Chilled: How Refrigeration Changed the World and Might Do So Again by Tom Jackson (Sept. 22, hardcover, $27, ISBN 978-1-4729-1143-8). Refrigeration technology has been crucial to numerous scientific breakthroughs of the last 100 years and may be what turns the science fiction of teleporters and intelligent-computer brains into scientific reality.
Cure: A Journey into the Science of Mind Over Body by Jo Marchant (Jan. 19, hardcover, $26, ISBN 978-0-385-34815-7). A rigorous, skeptical, deeply reported look at the new science behind the mind’s extraordinary ability to heal the body. Marchant travels the world to meet the physicians, patients, and researchers on the cutting edge of this new world of medicine.
In a Different Key: The Story of Autism by John Donvan and Caren Zucker (Jan. 19, hardcover, $28, ISBN 978-0-307-98567-5). Journalists Donvan and Zucker, whose families have both been affected by autism, introduce an unforgettable cast as they delve into one of the most contentious debates dividing the autism community today.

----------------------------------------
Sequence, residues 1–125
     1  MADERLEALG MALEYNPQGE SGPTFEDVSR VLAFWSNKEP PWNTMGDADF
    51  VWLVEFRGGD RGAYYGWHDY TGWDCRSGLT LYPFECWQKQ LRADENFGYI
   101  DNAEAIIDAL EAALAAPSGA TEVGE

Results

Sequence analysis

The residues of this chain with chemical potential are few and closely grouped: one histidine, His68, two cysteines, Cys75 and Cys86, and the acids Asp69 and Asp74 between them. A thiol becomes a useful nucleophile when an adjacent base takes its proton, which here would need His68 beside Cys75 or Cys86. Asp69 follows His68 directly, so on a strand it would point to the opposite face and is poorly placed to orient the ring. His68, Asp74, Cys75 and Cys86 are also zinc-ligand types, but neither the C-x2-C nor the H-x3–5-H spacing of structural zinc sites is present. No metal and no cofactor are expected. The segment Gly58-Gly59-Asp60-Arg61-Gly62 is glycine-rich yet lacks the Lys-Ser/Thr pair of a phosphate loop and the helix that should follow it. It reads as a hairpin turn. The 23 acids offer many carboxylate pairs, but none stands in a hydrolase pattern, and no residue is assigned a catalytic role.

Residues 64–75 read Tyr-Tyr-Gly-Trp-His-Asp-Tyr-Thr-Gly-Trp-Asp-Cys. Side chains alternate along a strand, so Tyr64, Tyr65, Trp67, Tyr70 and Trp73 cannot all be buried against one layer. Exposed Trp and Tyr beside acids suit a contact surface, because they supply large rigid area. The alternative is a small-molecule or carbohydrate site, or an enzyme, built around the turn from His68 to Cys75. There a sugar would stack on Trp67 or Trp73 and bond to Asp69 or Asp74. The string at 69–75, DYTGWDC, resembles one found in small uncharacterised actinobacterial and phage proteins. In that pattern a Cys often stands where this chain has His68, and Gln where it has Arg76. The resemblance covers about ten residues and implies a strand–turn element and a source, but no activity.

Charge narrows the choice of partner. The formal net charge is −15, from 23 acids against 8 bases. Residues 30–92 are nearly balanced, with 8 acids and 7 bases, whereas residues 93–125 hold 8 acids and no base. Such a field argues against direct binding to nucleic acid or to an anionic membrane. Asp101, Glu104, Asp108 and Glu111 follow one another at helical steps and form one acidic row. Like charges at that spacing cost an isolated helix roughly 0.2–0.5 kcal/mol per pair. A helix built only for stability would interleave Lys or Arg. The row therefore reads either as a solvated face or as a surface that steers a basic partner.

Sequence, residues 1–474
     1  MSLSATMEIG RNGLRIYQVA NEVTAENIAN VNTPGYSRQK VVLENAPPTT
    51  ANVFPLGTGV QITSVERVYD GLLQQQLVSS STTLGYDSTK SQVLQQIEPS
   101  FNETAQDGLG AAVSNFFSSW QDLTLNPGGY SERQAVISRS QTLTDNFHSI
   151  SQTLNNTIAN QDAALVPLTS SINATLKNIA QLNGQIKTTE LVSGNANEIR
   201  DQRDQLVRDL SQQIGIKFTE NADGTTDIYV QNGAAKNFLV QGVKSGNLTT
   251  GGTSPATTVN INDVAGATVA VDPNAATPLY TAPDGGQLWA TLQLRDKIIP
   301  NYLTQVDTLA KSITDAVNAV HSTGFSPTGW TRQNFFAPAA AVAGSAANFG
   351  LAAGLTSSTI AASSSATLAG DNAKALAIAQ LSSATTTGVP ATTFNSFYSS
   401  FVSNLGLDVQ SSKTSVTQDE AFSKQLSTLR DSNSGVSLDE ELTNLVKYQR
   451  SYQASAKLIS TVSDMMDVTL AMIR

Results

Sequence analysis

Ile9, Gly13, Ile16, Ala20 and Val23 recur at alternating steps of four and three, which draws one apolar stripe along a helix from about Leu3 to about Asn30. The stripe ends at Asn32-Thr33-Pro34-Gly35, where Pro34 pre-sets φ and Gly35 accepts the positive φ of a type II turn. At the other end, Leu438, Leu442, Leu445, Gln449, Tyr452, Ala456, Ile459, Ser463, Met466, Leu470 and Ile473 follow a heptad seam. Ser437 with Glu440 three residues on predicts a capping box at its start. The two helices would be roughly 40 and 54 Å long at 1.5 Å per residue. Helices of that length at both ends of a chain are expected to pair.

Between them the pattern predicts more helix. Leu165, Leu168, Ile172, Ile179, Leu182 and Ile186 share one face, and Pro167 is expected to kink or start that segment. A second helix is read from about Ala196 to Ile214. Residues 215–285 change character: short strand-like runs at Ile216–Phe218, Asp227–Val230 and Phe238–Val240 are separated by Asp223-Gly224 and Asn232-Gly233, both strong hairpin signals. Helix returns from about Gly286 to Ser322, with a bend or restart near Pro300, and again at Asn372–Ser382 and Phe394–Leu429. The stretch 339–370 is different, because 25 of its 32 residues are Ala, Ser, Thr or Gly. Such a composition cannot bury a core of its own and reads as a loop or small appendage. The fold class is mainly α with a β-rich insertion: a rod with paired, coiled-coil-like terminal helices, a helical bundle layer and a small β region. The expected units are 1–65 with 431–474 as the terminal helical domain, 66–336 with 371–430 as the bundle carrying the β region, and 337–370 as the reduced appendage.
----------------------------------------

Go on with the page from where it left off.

The Man Who Wasn’t There: Investigations into the Strange New Science of the Self by Anil Ananthaswamy (Aug. 4, hardcover, $26.95, ISBN 978-0-525-95419-4). A master of science journalism leads a tour of the latest neuroscience of schizophrenia, autism, Alzheimer’s disease, ecstatic epilepsy, Cotard’s syndrome, out-of-body experiences, and other disorders to reveal the awesome power of the human sense of self.
Dark Matter and the Dinosaurs: The Astounding Interconnectedness of the Universe by Lisa Randall (Oct. 27, hardcover, $29.99, ISBN 978-0-06-232847-2). In this exploration of our cosmic environment, renowned particle physicist Randall uses her research into dark matter to illuminate the connections between the furthest reaches of space and life here on Earth.